Note: “This is in no way a replacement for the official Git documentation which is so extensive and detailed enough. This is written to cater for those who have never heard about git or simply don’t have the time to skim through the entire documentation but rather need concise information about git”

What is git?
“Git is a free and open source distributed version control system designed to handle everything from small to very large projects with speed and efficiency”.

What is version control?
“Version control is a system that records changes to a file or set of files over time so that you can recall specific versions later”

Why should I use Git?
I don’t know about you but let me tell you my personal experience. The way I used to manage my files(be it code or normal text documents) in my pre-Git days was as follows.

“I would make copies of my files so that I could modify one of the copies. The result was that I would end up with sometimes multiple copies of the same file and I would even get confused as to which was the perfect one”.

From the experience, you can see the following problems;

  • You can easily loose track of what you are working on.
  • It’s hard to collaborate on a single file with others.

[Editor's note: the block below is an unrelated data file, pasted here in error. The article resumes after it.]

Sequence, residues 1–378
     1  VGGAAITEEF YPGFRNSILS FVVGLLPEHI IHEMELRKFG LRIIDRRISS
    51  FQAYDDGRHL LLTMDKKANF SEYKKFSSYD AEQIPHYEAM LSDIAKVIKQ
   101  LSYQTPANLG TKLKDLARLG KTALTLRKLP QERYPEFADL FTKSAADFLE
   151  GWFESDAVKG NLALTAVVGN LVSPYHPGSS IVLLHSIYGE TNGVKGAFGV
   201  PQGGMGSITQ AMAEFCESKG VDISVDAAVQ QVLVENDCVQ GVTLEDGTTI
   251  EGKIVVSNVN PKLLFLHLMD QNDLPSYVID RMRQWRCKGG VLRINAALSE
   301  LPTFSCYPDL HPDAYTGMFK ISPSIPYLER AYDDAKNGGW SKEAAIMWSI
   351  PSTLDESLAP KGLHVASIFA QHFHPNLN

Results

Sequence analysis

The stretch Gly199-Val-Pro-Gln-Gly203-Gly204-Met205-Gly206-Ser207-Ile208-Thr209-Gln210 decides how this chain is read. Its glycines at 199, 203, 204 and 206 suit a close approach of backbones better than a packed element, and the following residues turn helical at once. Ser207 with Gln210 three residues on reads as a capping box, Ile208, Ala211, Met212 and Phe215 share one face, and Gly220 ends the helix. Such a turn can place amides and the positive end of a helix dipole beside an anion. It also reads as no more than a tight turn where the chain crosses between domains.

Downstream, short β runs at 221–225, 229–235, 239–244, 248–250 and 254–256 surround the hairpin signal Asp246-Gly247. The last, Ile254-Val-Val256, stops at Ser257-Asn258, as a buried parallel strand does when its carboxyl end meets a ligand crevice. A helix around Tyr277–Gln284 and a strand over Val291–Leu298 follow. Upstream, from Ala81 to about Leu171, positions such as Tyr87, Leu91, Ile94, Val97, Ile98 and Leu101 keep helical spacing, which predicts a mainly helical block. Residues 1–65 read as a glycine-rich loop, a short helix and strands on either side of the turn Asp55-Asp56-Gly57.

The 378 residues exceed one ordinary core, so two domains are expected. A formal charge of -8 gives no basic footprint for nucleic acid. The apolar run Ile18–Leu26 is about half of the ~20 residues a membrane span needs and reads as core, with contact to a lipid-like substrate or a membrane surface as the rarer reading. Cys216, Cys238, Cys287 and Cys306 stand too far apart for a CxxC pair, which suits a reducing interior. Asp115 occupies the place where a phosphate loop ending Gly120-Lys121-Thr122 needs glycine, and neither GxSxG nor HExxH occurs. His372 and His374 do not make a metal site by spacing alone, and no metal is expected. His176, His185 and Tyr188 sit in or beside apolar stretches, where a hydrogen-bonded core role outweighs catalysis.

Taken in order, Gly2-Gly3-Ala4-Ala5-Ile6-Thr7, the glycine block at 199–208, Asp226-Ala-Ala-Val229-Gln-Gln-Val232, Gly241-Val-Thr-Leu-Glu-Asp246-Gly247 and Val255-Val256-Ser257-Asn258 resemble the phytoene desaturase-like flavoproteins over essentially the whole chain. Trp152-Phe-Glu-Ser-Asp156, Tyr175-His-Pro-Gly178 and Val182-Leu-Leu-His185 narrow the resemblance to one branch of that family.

• It’s not scalable. Imagine you have multiple files and you are using the same approach for each one of them.

So, how does Git work?

Git creates a snapshot of your files at any single moment.
A very important concept in using Git is to understand the three states that files pass through. Once you get a hang of it, you are good to go.

The three file states:

  • Committed: This means that the file has been safely stored in the local Git database
  • Modified: Which means that you have changed the file but have not yet committed it
  • Staged: Which means that you have marked a modified file in its current version to go into your next commit snapshot.

So the basic Git workflow is as follows:

  1. You modify files in your working directory.
  2. You stage the files, adding snapshots of them to your staging area.
  3. You do a commit, which takes the files as they are in the staging area and stores that snapshot permanently to your Git directory.

Are you interested in Git? Let me in the comments section

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